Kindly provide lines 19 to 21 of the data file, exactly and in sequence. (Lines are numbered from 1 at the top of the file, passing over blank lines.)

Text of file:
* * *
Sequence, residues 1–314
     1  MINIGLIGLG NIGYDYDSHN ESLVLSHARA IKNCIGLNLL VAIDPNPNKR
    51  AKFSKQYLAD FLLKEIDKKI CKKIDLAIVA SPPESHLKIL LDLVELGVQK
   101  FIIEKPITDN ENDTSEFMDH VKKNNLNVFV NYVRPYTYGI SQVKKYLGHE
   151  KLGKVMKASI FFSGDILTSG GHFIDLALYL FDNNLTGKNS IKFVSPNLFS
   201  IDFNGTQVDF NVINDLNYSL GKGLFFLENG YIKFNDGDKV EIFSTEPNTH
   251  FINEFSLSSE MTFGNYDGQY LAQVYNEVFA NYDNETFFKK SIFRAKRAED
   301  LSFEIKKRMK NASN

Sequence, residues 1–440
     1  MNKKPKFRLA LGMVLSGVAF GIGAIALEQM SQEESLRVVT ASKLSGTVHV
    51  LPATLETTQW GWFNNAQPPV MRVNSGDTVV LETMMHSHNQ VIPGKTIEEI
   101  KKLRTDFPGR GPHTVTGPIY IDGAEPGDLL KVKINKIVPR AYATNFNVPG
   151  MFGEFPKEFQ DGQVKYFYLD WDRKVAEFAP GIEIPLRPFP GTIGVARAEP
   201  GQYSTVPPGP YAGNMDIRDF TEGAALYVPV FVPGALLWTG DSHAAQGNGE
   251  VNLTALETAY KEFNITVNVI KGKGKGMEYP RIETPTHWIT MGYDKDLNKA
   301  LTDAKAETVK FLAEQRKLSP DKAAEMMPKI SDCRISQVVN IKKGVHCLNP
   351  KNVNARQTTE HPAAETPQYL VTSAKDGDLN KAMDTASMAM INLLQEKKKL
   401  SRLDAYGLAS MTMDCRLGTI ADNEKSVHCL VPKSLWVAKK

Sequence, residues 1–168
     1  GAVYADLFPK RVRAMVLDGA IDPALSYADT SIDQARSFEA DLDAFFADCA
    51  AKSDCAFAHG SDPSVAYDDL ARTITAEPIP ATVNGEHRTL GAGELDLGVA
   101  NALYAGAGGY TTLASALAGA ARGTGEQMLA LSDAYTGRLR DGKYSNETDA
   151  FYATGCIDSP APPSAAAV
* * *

Sequence, residues 1–168
     1  GAVYADLFPK RVRAMVLDGA IDPALSYADT SIDQARSFEA DLDAFFADCA
    51  AKSDCAFAHG SDPSVAYDDL ARTITAEPIP ATVNGEHRTL GAGELDLGVA